As Williams summarises,
Here, then, is the origin of Negro slavery. … The features of the man, his hair, colour and dentifrice, … were only the later rationalizations to justify a simply economic fact: that the colonies needed labor and resorted to Negro labour because it was cheapest and best. This was not a theory, it was a practical conclusion deduced from the personal experience of the planter. He would have gone to the moon, if necessary, for labor.
Williams’ thesis has been extended by Oscar and Mary Handlin, who wrote in 1950 that the transition to slavery emerged as the adjustment of traditional European institutions to American conditions. Their work emphasised the development of legal and definitional boundaries between the servant and slave. Once merely a derogatory term referring to a lowly servant, a slave only came to eventually be legally defined through the derogation of the status of the white indentured servant. They explain how, ‘[a]lthough the colonists assumed at the start that all servants would “fare alike in the colony,” the social realities of their situation early gave rise to differences of treatment.’ Most importantly, the growing reluctance to emigrate due to ‘reports in England and Scotland that servants were harshly treated and bound in perpetual slavery’, resulted in the colonies embarking ‘upon a line of legislation designed to improve servants’ conditions and to enlarge the prospect of a meaningful release’. But this need not apply to the African––‘Since his coming was involuntary, nothing that happened to him would increase or decrease his numbers.’ This would be the beginning in a series of laws which increasingly differentiated between the European servant and the black slave, and eventually ‘[c]olor … emerged as the token of the slave status’. Kenneth Stamp (1956) supported the Handlins’ thesis, writing that ‘slavery and prejudice had become mutually reinforcing’ as a result of these processes.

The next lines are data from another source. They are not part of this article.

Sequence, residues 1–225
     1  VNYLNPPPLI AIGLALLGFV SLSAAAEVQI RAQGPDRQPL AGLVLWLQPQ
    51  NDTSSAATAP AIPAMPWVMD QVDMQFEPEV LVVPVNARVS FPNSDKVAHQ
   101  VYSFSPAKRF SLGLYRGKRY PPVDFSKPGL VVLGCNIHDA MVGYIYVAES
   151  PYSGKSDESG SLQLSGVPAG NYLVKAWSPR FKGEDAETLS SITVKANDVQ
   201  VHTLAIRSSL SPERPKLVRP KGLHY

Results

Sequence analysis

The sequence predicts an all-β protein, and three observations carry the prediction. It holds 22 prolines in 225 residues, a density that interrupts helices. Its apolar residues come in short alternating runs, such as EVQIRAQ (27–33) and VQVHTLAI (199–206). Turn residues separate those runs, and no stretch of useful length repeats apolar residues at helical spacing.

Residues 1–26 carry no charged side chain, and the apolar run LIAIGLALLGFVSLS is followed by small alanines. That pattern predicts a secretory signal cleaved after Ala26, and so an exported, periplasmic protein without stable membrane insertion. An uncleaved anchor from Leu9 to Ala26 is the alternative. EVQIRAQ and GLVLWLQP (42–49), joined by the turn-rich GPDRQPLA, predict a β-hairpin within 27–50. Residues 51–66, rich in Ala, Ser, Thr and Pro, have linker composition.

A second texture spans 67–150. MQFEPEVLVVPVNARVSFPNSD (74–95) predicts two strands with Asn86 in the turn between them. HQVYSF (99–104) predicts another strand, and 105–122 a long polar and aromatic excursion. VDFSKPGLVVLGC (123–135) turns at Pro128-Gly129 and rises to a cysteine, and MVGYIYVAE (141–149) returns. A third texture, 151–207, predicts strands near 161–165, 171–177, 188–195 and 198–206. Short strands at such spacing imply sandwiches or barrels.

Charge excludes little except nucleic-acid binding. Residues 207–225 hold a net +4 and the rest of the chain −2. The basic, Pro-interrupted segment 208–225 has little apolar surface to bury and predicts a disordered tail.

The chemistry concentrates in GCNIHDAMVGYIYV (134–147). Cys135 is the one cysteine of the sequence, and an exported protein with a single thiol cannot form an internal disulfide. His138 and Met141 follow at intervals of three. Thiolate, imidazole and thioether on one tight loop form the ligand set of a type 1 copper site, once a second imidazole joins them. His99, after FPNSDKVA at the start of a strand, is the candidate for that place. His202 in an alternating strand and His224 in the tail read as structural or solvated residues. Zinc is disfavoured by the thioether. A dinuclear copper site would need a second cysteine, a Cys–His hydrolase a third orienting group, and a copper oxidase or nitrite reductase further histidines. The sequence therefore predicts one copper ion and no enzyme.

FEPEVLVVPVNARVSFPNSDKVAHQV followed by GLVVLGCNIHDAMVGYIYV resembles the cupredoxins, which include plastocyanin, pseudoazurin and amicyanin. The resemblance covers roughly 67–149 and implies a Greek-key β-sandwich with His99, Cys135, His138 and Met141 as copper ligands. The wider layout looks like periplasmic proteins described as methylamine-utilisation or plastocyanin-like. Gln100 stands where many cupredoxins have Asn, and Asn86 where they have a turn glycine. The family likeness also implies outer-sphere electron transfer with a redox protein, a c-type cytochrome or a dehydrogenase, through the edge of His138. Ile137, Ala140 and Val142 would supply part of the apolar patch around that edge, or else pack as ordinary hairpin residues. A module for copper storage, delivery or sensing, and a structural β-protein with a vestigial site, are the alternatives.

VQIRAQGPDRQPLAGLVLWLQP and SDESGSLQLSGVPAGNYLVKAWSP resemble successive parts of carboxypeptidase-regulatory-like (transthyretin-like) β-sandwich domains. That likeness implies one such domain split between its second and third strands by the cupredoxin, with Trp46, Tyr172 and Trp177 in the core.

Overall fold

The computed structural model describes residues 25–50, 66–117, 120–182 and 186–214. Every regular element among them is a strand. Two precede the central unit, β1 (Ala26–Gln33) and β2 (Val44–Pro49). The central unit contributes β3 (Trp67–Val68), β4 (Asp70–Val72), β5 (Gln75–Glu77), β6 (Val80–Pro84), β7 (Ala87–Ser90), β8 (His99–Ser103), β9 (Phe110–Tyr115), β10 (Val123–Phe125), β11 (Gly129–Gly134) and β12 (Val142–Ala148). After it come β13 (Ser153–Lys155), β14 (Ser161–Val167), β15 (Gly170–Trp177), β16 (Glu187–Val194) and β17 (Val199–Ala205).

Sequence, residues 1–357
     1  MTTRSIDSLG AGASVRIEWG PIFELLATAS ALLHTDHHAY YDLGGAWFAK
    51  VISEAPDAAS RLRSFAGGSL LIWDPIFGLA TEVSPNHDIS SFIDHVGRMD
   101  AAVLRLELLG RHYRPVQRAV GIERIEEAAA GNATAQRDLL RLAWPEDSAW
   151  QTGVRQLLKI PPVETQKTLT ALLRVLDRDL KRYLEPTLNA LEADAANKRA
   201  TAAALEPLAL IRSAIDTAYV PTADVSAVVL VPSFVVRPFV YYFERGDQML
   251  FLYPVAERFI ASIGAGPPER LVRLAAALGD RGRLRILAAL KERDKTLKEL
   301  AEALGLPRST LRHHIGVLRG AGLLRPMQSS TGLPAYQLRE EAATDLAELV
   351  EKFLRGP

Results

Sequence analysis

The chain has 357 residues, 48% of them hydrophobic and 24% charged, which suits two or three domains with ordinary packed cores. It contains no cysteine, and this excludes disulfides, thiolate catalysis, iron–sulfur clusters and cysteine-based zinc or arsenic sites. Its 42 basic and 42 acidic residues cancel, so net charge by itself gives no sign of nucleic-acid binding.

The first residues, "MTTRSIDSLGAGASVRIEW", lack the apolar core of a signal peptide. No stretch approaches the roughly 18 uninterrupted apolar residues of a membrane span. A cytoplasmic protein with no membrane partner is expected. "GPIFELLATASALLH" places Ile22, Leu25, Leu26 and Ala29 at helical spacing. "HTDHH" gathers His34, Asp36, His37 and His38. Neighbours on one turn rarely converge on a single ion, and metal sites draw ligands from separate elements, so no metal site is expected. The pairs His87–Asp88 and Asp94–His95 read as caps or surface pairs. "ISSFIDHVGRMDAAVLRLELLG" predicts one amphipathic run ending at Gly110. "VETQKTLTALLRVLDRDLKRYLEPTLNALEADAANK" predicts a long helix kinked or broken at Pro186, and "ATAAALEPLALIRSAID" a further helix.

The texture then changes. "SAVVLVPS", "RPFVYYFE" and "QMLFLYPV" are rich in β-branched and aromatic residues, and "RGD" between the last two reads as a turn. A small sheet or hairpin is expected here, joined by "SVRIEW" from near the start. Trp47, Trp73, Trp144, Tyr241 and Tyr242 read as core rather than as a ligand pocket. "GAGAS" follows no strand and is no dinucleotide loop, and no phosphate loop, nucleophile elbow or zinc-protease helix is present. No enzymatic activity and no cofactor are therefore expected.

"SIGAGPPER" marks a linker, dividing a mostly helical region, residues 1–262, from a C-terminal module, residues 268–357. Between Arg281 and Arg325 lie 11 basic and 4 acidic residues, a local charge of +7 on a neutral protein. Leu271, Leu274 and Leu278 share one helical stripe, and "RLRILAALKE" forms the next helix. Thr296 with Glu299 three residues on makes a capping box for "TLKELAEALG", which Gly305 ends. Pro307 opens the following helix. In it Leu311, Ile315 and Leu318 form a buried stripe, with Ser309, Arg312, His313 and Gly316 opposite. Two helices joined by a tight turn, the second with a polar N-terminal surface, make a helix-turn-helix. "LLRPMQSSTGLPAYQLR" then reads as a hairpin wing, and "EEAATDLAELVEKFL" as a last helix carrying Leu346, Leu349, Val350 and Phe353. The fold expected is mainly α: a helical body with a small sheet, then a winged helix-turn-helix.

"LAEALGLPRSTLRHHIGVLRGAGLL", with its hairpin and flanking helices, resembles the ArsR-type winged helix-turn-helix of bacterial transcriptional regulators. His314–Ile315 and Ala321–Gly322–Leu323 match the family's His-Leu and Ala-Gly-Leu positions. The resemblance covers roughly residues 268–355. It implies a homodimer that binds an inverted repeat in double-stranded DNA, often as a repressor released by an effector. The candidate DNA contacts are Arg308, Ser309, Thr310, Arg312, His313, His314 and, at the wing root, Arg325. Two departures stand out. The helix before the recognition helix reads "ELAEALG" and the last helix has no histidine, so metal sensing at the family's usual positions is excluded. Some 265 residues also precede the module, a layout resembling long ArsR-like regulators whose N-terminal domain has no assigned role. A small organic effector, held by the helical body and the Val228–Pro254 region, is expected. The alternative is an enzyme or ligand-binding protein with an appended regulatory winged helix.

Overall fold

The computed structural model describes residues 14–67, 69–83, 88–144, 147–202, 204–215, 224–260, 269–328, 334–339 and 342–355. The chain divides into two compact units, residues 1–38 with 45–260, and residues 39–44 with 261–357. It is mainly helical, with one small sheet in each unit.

Not all economic historians have agreed on the nature of this drive towards slavery. Bean and Thomas (1979), for example, argued that it was caused by changes in the supply of workers, as opposed to growing demand for labour. Looking at Barbados in particular, they suggest that the rise of sugar plantations was not as important as Williams and others have asserted, pointing to a ‘lag of several years between the beginning of sugar production … and the emergence of slaves as a majority of the unfree workforce.’
However, Richard Dunn (1972) has provided evidence to show that the period between 1640 and 1643 was in fact accompanied with ‘a sharp rise in the demand for labour … and not, … a decline in the supply of servants.’ But still, demand and supply do have a symbiotic relationship. Certainly, planters would not make such huge investments in plantations without the knowledge that there was a plentiful supply of labourers available, but inversely a large supply of labour would be of no use without the demand prompted by the development of plantations and the market for their products.